Medical liability: Missed follow-ups a potent trigger of lawsuits
■ Failing to reconnect with patients after no-shows leads to significant legal dangers for physician practices, experts say.
By Alicia Gallegos — Posted July 15, 2013
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John Davenport, MD, remembers a recent case of a patient who was admitted to a hospital after experiencing chest pains. A physician recommended the patient undergo a cardiac catheterization procedure, but the patient wanted to consider the treatment and return at a later date.
The doctor relented, and the patient went home, where he had a heart attack and died. His family sued the doctor.
“The family argued the doctor should have told them how critical it was for him to have the procedure,” said Dr. Davenport, a physician risk manager and attorney in Irvine, Calif.
The physician had told the patient about the risks, but “what killed the case was that the physician had no real documentation of that discussion in the chart. The [family] won the case,” he said.
Medical liability experts say missed appointments and failures to follow up pose some of the greatest legal risks for physicians. The legal dangers appear to be on the rise as team-based care grows and patients are handed off to a wider scope of health professionals.
In a survey of 723 patient care sites by medical liability insurer The Doctors Company, 53% of respondents said referrals and scheduling follow-up appointments were their top risk-management problems. The study, posted online in May, surveyed a range of practice environments in 2011 from small medical practices to large integrated delivery systems, hospitals and outpatient facilities.
The survey found the most frequent risk-management issues were failure to contact patients after missed appointments and a lack of tracking to ensure appropriate follow-up care was completed. The survey also showed that medical record documentation was a risk-management problem in 47% of the offices surveyed.
A separate review of 2,466 claims between 2007 and 2011 by The Doctors Company found that 36% of patient injuries resulted from patient factors such as noncompliance with follow-up calls and not adhering to treatment regimens. Twenty-four percent stemmed from communication breakdowns between patients and health professionals. Communication failures among physicians contributed to 7% of injuries, and failures or delays in obtaining consultations/referrals led to another 7% of injuries.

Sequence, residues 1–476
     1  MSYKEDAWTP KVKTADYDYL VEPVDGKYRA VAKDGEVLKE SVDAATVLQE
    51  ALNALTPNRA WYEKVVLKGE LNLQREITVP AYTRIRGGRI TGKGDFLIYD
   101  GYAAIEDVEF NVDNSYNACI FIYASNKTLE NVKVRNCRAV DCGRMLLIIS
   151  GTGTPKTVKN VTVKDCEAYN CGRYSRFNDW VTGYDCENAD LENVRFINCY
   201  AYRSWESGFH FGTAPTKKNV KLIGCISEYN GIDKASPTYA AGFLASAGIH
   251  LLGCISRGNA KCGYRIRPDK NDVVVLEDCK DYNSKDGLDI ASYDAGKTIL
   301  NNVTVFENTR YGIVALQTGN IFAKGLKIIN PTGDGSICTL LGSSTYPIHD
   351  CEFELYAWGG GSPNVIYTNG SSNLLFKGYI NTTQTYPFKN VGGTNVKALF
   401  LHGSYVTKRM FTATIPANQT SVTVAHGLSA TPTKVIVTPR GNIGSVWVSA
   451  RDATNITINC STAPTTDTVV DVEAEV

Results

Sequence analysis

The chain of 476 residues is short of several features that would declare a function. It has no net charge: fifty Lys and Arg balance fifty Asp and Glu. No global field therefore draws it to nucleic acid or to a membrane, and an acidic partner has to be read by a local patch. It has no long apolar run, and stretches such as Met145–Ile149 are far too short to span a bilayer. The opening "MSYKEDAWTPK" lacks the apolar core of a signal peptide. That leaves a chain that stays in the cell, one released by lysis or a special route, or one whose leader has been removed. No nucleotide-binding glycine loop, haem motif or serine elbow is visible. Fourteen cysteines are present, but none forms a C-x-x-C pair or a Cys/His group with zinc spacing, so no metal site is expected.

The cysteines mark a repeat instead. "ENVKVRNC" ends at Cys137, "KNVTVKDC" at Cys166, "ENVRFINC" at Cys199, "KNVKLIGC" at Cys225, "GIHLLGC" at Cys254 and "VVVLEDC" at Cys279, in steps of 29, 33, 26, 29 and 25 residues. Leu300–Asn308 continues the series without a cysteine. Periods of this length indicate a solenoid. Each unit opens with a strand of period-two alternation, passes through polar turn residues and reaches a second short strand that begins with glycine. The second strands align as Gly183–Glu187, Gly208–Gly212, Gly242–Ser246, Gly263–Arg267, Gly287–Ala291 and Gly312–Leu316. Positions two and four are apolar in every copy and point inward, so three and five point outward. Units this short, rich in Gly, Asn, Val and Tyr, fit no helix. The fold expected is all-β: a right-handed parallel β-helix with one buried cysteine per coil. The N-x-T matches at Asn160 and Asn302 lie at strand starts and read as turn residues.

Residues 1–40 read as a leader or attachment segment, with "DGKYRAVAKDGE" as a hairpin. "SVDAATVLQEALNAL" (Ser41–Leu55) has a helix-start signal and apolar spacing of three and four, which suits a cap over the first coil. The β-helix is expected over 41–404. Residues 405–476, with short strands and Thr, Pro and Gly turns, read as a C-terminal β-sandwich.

Lawsuits related to follow-up failures are becoming more frequent as health care models change, said Beth Cushing, vice president of claims for CRICO, a professional medical liability insurer in Massachusetts.
These claims “are very common and becoming more common as the entire nation moves to a more ambulatory system, where patients are getting care out in the community versus at the city hospital,” she said. “We are very concerned about office-based risks. How do you get the patient to come back in when they're supposed to have a colonoscopy or check on their blood pressure?”
But taking steps to improve follow-up care can prevent lawsuits and save physicians significant time and expense, legal analysts said. Doctors should start by pinpointing holes in their staff communication systems and ensuring that appropriate actions are taken after missed appointments, said Daniel Wright, vice president of patient safety for The Doctors Company.
“Effective risk management is a team effort,” he said. “Training office staff and office employees is critically important in mitigating potential risks. The physician, office manager and staff should all be involved in uncovering areas in the practice that could create liability risks.”
How absences lead to problems
A common claim in lawsuits that involve missed appointments is lack of informed refusal, Dr. Davenport said. The allegation arises when patients admit they declined or ignored treatment recommendations, but allege they were not adequately educated about the medical risks of their decision.
Attorneys often see this legal scenario in instances where men failed to show up for their colonoscopies, Cushing said. In most cases, the colonoscopy was ordered and scheduled, but the patient never arrived for the procedure. When the patient later develops colon cancer, the physician is blamed for failing to properly inform them of the treatment's necessity, she said.